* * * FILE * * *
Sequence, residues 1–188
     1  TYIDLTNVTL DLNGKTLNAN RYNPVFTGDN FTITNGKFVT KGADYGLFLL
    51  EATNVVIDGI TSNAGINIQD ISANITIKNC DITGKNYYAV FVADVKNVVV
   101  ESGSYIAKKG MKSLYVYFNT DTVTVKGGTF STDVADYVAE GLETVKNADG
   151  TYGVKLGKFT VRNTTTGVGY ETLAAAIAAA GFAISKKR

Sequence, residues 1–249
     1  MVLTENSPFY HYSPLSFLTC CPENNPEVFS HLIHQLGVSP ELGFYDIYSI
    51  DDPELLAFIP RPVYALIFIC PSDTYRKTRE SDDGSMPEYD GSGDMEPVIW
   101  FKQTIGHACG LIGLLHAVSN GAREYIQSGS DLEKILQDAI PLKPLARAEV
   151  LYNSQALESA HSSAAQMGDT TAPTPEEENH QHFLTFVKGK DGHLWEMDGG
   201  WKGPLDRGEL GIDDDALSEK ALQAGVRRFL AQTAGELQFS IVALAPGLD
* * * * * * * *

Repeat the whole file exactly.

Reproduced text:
Sequence, residues 1–188
     1  TYIDLTNVTL DLNGKTLNAN RYNPVFTGDN FTITNGKFVT KGADYGLFLL
    51  EATNVVIDGI TSNAGINIQD ISANITIKNC DITGKNYYAV FVADVKNVVV
   101  ESGSYIAKKG MKSLYVYFNT DTVTVKGGTF STDVADYVAE GLETVKNADG
   151  TYGVKLGKFT VRNTTTGVGY ETLAAAIAAA GFAISKKR

Sequence, residues 1–249
     1  MVLTENSPFY HYSPLSFLTC CPENNPEVFS HLIHQLGVSP ELGFYDIYSI
    51  DDPELLAFIP RPVYALIFIC PSDTYRKTRE SDDGSMPEYD GSGDMEPVIW
   101  FKQTIGHACG LIGLLHAVSN GAREYIQSGS DLEKILQDAI PLKPLARAEV
   151  LYNSQALESA HSSAAQMGDT TAPTPEEENH QHFLTFVKGK DGHLWEMDGG
   201  WKGPLDRGEL GIDDDALSEK ALQAGVRRFL AQTAGELQFS IVALAPGLD